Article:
Pain for exporters: sterling was stuck near a 14-month low, despite strong data on retail

  • Pain for exporters: sterling was stuck near a 14-month low, despite strong data on retail
    FarmIreland.t. E.
    Sterling languished near a 14-month low on Thursday, and strong retail sales in the UK were unable to support the currency suffer due to fears of the UK leaving the European Union.
    https://www.independent.ie/business/farming/agri-business/agri-food/pain-for-exporters-sterling-stuck-near-14month-low-despite-strong-retail-data-37222865.html
    https://www.independent.ie/business/article36463771.ece/2e8f6/AUTOCROP/h342/2018-01-07_bus_37487431_I1.JPG

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Sterling languished near a 14-month low on Thursday, and strong retail sales in the UK were unable to support the currency suffer due to fears of the UK leaving the European Union.

Hot weather and world Cup on the growth of retail sales in July, but the pound held steady against the dollar at $ 1.27.

A strong dollar and mounting fears that Britain will be unable to provide the agreement before he leaves the EU in March to hurt the pound.

He lost 12 pieces of its value since April and on Tuesday fell to $1.2662, its lowest level since June of 2017 fall against the dollar on the 12th day in a row.

Some saw the Bank of England interest rates early this month as a vote of confidence in the economy, since the future of Britain, and access to European markets is still a matter of doubt.

“Now the future of interest rates seems a distant prospect and the UK’s exit from the EU is still a matter of uncertainty… even in good economic performance is unlikely to be translated into strong impetus for sterling,” said Lee McDarby, Manager at Moneycorp foreign exchange brokers.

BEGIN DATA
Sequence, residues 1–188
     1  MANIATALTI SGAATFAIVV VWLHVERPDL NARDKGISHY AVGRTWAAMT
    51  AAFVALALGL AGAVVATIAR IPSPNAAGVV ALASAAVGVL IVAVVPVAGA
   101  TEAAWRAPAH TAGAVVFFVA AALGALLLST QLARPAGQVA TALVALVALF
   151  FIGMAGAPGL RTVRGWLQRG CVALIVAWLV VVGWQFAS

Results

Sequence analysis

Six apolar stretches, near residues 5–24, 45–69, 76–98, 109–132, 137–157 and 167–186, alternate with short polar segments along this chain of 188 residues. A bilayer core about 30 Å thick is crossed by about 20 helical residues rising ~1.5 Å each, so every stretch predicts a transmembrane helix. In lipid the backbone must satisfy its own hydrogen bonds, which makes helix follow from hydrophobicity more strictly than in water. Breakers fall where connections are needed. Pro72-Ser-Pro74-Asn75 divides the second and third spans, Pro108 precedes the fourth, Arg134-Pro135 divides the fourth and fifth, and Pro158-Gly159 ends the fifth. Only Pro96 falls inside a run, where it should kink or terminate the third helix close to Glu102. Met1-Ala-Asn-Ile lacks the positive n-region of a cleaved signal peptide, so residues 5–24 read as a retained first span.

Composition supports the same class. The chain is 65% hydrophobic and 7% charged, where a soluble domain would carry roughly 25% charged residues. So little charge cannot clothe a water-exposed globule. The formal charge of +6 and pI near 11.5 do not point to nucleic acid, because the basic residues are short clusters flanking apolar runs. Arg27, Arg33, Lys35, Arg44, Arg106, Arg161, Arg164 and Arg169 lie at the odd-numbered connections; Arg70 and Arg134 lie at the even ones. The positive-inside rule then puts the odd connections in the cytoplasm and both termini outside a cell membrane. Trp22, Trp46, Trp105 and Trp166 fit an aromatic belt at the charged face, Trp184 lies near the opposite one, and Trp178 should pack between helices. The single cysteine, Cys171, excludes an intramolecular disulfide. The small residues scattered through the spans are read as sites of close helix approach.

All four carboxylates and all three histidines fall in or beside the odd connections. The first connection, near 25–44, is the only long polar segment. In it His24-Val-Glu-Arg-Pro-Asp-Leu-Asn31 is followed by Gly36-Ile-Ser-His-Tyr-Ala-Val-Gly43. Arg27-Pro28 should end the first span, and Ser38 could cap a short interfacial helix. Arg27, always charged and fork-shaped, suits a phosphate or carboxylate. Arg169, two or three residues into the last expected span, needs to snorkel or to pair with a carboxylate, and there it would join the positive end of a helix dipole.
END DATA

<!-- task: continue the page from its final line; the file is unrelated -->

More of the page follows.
Pain for Irish exporters

The weak pound may represent good value for tourists who are traveling from Ireland this summer in the UK, but unfortunately for our domestic tourism industry, and this represents a serious risk for Irish exporters.

Bord Bia overseas trade Manager Shane Hamill reported that the decline of the pound sterling means more important to Irish exporters to find ways of hedging the British exit from the EU.

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“In 2017, 80pc of respondents of the barometer of the output of great Britain, Bord Bia reported that they face serious difficulties in the course of the 90-94p for Euro”, – he said.

“In 2018 is reduced to 55pc. While the value of the pound sterling remains a risk of growth exporters to some extent are to increase stability by limiting and recovery of growth costs from the market through the management of costs and prices.”

Gerard Reilly, Reilly mushrooms, Walderstown, County Westmeath, warned that 15 companies have already closed, since the output of the UK voted two years ago.

“The exchange rate currently is about 89c/90C against the Euro. This puts pressure on exporters,” he said.

“There were about 700 producers in Ireland in 2004, but is now only about 40.”

Mr. Reilly added that, as it exports 90pc of its products in the UK, hard British exit from the EU would be detrimental to his business.

“We continue to trade and grow the same amount, but we grow in a more nervous atmosphere.”

Meanwhile, Trevor McHugh, Director of forest company VeOn Ltd, said while exchange rate fluctuations have the ability to affect the competitiveness of Irish exporters, the exchange rate usually settle after the extreme.

“Currency moves up and down over the last two years. We have seen the extremes, but it usually ends up. Timber prices remain strong and there is demand in the UK for Irish food, since they can’t produce the timber they need,” he said.

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